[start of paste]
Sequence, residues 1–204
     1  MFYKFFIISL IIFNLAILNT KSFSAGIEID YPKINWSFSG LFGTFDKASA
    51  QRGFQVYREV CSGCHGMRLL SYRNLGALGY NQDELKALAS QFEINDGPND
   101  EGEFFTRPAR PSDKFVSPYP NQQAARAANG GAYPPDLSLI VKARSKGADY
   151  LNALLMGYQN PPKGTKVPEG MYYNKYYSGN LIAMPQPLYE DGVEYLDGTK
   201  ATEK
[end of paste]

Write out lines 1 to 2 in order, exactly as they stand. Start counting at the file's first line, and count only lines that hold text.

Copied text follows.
Sequence, residues 1–204
     1  MFYKFFIISL IIFNLAILNT KSFSAGIEID YPKINWSFSG LFGTFDKASA